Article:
Jonah Goldberg

But in retrospect, I have a bit more sympathy with those self-anointed defenders of free speech. It was, in its way, a thoroughly American, even patriotic reaction. Edmund Burke, the founder of modern conservatism, remarked -- in 1775! -- that the proto-Americans of the colonies had a tendency to nip attacks on liberty in the bud. "In other countries the people ... judge of an ill principle in government only by an actual grievance," but in the American colonies, "they anticipate the evil, and judge of the pressure of the grievance by the badness of the principle. They augur misgovernment at a distance and snuff the approach of tyranny in every tainted breeze."

Fast-forward to another September 11. Failing to anticipate a terrorist attack on the anniversary of 9/11, four Americans, including our ambassador, were murdered in a pre-planned and coordinated terrorist assault in Libya. White House officials said they believed it wasn't a terrorist attack but a spontaneous reaction to a video insulting the Muslim prophet Muhammad. There is a debate as to whether they knew all along that was untrue. There is no real debate that officials learned very early that it was untrue and continued to lie about it -- or at least wildly and dishonestly exaggerate the role the video played.

President Obama and his secretary of state, Hillary Clinton, hammered the video story. Clinton vowed to the grieving families of the victims that she would get the makers of the video, not the murderers themselves. The White House asked Google if it could censor the video from YouTube. Google partially complied, blocking it in Libya and Egypt. (Later, a U.S. appeals court ordered the film removed entirely.)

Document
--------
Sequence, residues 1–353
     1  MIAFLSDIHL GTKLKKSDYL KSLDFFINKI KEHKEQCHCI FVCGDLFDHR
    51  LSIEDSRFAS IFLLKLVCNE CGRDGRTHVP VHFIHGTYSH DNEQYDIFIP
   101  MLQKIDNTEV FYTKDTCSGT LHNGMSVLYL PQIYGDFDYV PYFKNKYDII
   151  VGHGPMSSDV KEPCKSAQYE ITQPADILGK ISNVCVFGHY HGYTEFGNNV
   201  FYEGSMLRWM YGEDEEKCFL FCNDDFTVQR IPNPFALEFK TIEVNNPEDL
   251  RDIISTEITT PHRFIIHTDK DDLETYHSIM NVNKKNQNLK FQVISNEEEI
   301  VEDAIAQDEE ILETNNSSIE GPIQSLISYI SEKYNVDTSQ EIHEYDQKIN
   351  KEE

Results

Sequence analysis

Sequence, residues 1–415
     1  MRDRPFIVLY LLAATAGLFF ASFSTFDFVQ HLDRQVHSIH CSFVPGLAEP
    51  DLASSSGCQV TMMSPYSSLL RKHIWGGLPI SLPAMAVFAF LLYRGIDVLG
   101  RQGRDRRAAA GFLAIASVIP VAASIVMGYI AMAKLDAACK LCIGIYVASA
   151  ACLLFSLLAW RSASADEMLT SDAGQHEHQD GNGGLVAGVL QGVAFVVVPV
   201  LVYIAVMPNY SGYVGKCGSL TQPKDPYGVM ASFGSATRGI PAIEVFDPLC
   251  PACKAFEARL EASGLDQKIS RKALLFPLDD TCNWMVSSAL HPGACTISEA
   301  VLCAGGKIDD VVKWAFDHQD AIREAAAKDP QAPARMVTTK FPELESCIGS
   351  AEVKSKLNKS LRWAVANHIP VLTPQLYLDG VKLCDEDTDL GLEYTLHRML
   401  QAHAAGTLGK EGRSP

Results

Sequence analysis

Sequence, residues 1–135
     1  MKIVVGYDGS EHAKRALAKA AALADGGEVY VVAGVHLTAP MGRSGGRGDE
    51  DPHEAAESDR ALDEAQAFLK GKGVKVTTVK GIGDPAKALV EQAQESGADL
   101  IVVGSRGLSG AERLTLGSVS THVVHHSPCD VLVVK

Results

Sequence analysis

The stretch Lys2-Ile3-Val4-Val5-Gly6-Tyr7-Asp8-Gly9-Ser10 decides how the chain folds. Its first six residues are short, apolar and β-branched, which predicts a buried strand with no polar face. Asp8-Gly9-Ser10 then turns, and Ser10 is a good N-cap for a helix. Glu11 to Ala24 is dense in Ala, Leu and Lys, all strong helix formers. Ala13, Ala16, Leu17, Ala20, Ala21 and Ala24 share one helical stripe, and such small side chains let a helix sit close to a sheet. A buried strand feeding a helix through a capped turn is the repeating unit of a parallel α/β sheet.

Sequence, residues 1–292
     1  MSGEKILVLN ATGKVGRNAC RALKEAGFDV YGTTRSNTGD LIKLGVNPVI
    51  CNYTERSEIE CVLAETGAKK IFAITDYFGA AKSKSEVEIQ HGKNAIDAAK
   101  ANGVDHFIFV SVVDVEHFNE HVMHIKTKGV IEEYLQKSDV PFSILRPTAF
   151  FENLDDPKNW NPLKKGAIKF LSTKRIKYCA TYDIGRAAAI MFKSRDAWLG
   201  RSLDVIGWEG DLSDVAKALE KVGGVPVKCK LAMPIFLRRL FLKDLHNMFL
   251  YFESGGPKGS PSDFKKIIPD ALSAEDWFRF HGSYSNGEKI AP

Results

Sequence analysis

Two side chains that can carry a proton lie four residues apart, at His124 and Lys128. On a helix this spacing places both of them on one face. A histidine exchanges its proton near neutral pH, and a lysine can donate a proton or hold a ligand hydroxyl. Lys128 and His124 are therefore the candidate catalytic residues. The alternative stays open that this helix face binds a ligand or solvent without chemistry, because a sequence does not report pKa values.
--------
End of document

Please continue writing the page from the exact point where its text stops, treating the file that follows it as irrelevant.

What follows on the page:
Our embassy in Egypt was widely seen to apologize for the video in a statement to protestors there. The administration bought television ads on Pakistani TV apologizing for the video and disassociating the U.S. from it. Obama spoke to the U.N. about the video, explaining that we can't ban such things because of our Constitution. Still, the director was arrested. A picture of him being hauled off in handcuffs was splashed in newspapers around the world.

Subtle, that.

All this fueled an earnest debate about the downside of free speech in America. Cable news networks, op-ed pages and public radio lit up with "expert" commentary about how we must find ways to accommodate the sensibilities of Muslims who don't understand or care about free speech. And much of the crowd that once set about to "snuff the approach of tyranny in every tainted breeze" when George W. Bush was president said nary a word.


Jonah Goldberg

Jonah Goldberg is editor-at-large of National Review Online,and the author of the book The Tyranny of Clichés. You can reach him via Twitter @JonahNRO.
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